Friday, January 18, 2008

Nguyen v. Nguyen (Cal. Ct. App. - Jan. 17, 2008)

Stylistically, this opinion reads a little bit like the first -- and sometimes second -- drafts of the briefs that I sometimes write. And that's not necessarily a good thing.

I'm not saying that Justice Sills gets this one wrong. Far from it. In fact, I think he's totally right, and that Janet Nguyen -- rather than appellant Trung Nguyen -- was properly declared the winner of the relevant Orange County supervisorial seat at issue in the litigation.

It was a freakishly close election. The original canvass of the votes declared that Trung was the winner. By seven votes. But then Janet asked for a recount of the paper ballots. And, after the recount (and various challenges to various votes), Janet was declared the winner. By, ironically enough, seven votes. At which point Trung then filed an election contest. And the trial court changed four votes in Trung's favor. But that still left Trung three votes short. Hence Janet's the winner.

So the underlying backdrop is pretty interesting. As well as timely, and should hopefully encourage people to get out and vote. Including but not limited to the California primary election on the 5th. Remember: even a single vote sometimes matters.

But I digress. What I mainly wanted to say was that Justice Sills writes this opinion in a passionate manner. Which I don't necessarily dislike. He believes strongly in what he's saying, and it shows. Mind you, unlike advocates, judges might often want to sound a little less one-sided. But, sometimes, emotions seep through. And that's not always a bad thing.

But I do have one suggestion. Yes, when you first write the thing, you use a lot of italics for emphasis. At least if you're like me you do. You want to have the reader really hear and understand what you're saying. You think -- at least subconsiously -- that if the reader really knows and feels the nature of what you're writing, including the emphasis on particular thoughts and words, then they will truly get the meaning of what you're saying and a deep level. Hence the italics. You're writing in the same manner that you speak. Or, more accurately, think.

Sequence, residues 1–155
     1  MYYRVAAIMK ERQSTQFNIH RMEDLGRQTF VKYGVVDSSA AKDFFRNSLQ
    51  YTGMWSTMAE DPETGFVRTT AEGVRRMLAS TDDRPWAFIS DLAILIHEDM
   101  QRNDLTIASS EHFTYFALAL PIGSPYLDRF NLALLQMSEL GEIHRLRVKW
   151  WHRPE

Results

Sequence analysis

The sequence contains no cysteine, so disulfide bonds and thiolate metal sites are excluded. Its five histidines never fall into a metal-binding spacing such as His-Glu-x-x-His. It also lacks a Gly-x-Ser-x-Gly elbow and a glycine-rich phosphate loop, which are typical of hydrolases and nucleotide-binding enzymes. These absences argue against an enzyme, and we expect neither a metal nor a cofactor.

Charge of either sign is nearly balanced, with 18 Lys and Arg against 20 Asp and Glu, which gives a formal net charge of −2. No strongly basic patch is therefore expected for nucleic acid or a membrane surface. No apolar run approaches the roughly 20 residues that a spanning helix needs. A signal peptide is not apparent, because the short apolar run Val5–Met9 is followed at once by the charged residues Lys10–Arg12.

Which is all well and good. And understandable. And, again, something that I do in spades.

Nonetheless, you should generally edit that stuff out as the drafts progress. Yes, you still feel it. Yes, the points of emphasis are still meaningful. But take 'em out anyway.

In this opinion, Justice Sills italicizes multiple different phrases for emphasis on pretty much every single page of the opinion. Take a gander, for example, at page 17, which italicizes for emphasis no less than a half-dozen different phrases. With all due respect to Justice Sills, that's probably way too much. A random italicization or two in an opinion -- or in a brief -- is okay. But not multiple emphases on every single page.

IMHO, anyway. And, on this one, my suggestion is to do as I say, rather than as I do. There's no doubt in my mind that one could find briefs I've written -- especially ones that only went through a couple of drafts -- that have way too many emphases. It's a big flaw of mine. Among many others, I might add.

But think of it this way: When even I think that someone's placing too much emphasis on particular words, that should say something.

Just a suggestion. Keep drafting those things with a lot of italics. Get it out of your system. But edit 'em out as the process continues. And I'll try -- try -- to do the same. Really.